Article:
Snow-flakes

By Henry Wadsworth Longfellow 1807–1882 Henry Wadsworth Longfellow
Out of the bosom of the Air,
      Out of the cloud-folds of her garments shaken,
Over the woodlands brown and bare,
      Over the harvest-fields forsaken,
            Silent, and soft, and slow
            Descends the snow.

Even as our cloudy fancies take
      Suddenly shape in some divine expression,
Even as the troubled heart doth make
      In the white countenance confession,
            The troubled sky reveals
            The grief it feels.

This is the poem of the air,
      Slowly in silent syllables recorded;
This is the secret of despair,
      Long in its cloudy bosom hoarded,
            Now whispered and revealed
            To wood and field.

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Poet Henry Wadsworth Longfellow 1807–1882

POET’S REGION U.S., New England

SCHOOL / PERIOD Victorian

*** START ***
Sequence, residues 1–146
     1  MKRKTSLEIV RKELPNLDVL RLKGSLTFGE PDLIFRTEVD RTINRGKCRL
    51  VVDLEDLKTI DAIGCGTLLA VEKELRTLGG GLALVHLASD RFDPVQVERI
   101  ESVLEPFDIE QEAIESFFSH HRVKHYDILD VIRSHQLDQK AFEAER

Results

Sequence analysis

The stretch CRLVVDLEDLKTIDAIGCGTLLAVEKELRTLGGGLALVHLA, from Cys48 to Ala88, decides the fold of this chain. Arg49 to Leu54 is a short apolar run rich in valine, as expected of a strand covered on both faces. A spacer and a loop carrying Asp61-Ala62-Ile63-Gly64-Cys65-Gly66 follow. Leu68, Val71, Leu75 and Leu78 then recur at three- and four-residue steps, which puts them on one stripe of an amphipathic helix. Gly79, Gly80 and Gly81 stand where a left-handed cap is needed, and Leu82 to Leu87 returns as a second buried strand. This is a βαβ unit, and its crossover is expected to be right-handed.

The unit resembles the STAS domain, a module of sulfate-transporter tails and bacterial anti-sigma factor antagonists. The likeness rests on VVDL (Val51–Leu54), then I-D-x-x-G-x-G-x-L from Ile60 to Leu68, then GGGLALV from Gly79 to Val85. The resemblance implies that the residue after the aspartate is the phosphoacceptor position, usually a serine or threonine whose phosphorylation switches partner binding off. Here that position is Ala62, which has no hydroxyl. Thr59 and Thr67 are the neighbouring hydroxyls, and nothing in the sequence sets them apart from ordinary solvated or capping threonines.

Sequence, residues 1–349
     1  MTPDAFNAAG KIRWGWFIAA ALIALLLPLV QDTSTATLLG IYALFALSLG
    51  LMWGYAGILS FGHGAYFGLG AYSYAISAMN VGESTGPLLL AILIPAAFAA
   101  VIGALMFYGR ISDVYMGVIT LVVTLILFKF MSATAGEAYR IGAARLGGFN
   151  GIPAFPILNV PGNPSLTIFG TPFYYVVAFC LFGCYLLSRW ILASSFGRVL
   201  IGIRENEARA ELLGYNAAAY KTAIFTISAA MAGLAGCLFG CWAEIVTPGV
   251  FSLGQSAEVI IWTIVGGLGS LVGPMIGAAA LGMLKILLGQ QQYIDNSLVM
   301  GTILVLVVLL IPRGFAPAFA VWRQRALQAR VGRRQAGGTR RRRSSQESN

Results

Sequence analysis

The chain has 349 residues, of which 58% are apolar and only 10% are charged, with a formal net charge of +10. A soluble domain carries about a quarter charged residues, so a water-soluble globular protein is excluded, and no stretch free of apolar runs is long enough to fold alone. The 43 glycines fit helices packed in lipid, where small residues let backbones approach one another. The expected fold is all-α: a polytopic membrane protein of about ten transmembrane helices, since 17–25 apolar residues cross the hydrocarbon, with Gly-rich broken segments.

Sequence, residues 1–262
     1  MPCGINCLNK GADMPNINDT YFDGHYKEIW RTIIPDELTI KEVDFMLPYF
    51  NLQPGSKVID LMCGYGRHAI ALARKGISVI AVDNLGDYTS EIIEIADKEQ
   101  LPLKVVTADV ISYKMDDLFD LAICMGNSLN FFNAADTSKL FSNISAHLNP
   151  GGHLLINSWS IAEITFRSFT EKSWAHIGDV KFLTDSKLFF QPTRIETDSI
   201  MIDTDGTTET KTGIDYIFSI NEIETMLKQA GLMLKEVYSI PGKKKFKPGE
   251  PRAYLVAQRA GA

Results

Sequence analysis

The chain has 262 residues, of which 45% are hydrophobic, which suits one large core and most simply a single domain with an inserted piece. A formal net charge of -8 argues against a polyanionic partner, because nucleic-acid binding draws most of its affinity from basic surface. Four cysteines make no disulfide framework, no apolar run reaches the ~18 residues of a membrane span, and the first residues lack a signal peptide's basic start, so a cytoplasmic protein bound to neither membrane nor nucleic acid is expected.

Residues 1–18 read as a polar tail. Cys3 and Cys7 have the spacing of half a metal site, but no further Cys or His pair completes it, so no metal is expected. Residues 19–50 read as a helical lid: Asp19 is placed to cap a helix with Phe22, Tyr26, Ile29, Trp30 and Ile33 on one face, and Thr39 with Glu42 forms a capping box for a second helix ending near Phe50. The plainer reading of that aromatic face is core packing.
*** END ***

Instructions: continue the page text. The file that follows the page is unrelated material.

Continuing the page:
Subjects Nature, Winter, Weather

Poetic Terms Rhymed Stanza

 Henry Wadsworth  Longfellow

Biography

By far the most widely known and best-loved American poet of his time, Henry Wadsworth Longfellow achieved a level of national and international prominence possibly unequaled in the literary history of the United States. Poems such as "Paul Revere's Ride," Evangeline, A Tale of Acadie (1847), and "A Psalm of Life" became mainstays of national culture, long remembered by generations of readers who studied them in school. . . .

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Poem Categorization

SUBJECT Nature, Winter, Weather

POET’S REGION U.S., New England

SCHOOL / PERIOD Victorian

Poetic Terms Rhymed Stanza

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Originally appeared in Poetry magazine.

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